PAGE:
Hashimoto, Ryutaro


Hashimoto, Ryutaro
▪ 2007
 Japanese politician (b. July 29, 1937, Soja, Okayama prefecture, Japan—d. July 1, 2006, Tokyo, Japan), served (1996–98) as prime minister but left office after having failed in his attempts to end a long-lasting economic recession in Japan. He began his political career in 1963 when he won election to his recently deceased father's seat in the House of Representatives. Hashimoto went on to serve 11 terms as a Liberal Democrat representing the Okayama district. He was minister of transport (1986–87) and minister of finance (1989–91) but resigned the latter post in the wake of his department's failure to curb scandals in the banking and securities industries. As minister of international trade and industry (1994–95), he won national attention for his combative bargaining stance in an automobile trade dispute between Japan and the U.S. He served as the LDP's secretary-general (June–August 1989) and was chosen the party's president in September 1995. Though Hashimoto resigned in 1998 as both prime minister and president of the LDP, he later became leader of the LDP's largest faction. He attempted to regain the party's presidency in 2001 but was defeated by Junichiro Koizumi. In 2004 Hashimoto was implicated in a scandal involving an illegal campaign donation, and he subsequently resigned.

▪ 1997

      Before he was elected prime minister of Japan in January 1996, Ryutaro Hashimoto was a veteran politician highly respected for his knowledge of domestic affairs. He thus surprised his political friends and foes alike when he moved into foreign policy, announcing, days before U.S. Pres. Bill Clinton made a state visit to Tokyo in April 1996, that the U.S. had agreed to return the Marine Corps Air Station Futenma on Okinawa to Japan in five to seven years.

      Hashimoto was born on July 29, 1937, and graduated from Keio University, Tokyo, in 1960. He briefly worked at Toyobo Co., a spinning firm, until his father's untimely death. He then became a second-generation politician, campaigning from his father's constituency in Okayama prefecture. At the age of 26, he was elected to the House of Representatives. Always part of the Liberal Democratic Party's (LDP's) mainstream, Hashimoto was named health and welfare minister in 1978 and subsequently held the portfolios of transport, finance, and international trade and industry.

      He faced a serious political crisis in 1991 when it was revealed that a major securities company had secretly compensated for losses incurred by its principal customers and that his own private secretary was involved in a bank loan scandal. He promptly resigned as finance minister in the Cabinet of Prime Minister Toshiki Kaifu.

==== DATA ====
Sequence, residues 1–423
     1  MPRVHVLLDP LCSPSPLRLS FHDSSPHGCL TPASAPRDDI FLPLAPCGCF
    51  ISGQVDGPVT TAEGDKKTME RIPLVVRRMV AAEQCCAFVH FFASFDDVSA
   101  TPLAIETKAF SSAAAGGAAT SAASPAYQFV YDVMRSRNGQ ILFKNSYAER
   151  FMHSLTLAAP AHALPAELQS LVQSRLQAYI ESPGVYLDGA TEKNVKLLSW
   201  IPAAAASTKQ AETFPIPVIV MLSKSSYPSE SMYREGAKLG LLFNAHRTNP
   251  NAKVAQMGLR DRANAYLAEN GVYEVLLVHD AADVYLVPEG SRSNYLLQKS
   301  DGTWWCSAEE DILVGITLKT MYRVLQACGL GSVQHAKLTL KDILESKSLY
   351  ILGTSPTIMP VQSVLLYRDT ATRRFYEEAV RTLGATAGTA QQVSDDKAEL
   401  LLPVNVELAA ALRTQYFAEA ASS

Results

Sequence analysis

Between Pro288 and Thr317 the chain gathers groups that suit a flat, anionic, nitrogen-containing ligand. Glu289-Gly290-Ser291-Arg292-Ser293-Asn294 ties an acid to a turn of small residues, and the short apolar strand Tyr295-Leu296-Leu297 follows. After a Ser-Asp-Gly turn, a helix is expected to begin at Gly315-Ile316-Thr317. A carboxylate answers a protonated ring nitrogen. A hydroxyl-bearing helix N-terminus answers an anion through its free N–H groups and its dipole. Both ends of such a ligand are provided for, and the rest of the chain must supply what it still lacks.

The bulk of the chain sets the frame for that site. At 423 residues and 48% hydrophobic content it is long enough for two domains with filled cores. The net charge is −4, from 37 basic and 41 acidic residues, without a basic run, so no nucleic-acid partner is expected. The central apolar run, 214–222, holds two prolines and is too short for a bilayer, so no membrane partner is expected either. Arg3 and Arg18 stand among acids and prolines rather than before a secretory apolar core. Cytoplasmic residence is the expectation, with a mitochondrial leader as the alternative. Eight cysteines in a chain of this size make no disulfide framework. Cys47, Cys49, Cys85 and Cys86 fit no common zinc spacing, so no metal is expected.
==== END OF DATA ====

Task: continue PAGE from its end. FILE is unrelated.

Hashimoto also was partly blamed for the failure of seven housing loan companies known as jusen. In 1990, in an attempt to control land prices that had soared during Japan's bubble economy in the late 1980s, the Finance Ministry, which Hashimoto headed, imposed a ceiling on bank lending for real-estate projects. Because the jusen companies were excluded from the restrictions, the possibility of imprudent loans was ever present.

      Hashimoto was known outside Japan as a tough negotiator, but at home he was rated both high and low by those who knew him well. He was regarded as a man who looked after people who were junior to him, but he was also described as a loner who was arrogant, short-tempered, and politically hawkish. He was head of the Japan Association of War-Bereaved Families until he was named president of the LDP on Sept. 22, 1995. Perhaps because of this association, Hashimoto visited Yasukuni Shrine on July 29, 1996, his birthday. He did so, knowing that the visit would anger a segment of the population. Yasukuni was the burial site not only of the war dead but also of executed war criminals.

      Hashimoto dissolved the lower house of the Diet (parliament) on Sept. 27, 1996, after settling the Okinawa bases issue with the U.S. and the governor of the prefecture and committing 685 billion yen of taxpayers' money to liquidating moribund housing loans made by jusen firms. (TEIJI SHIMIZU)

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Universalium. 2010.

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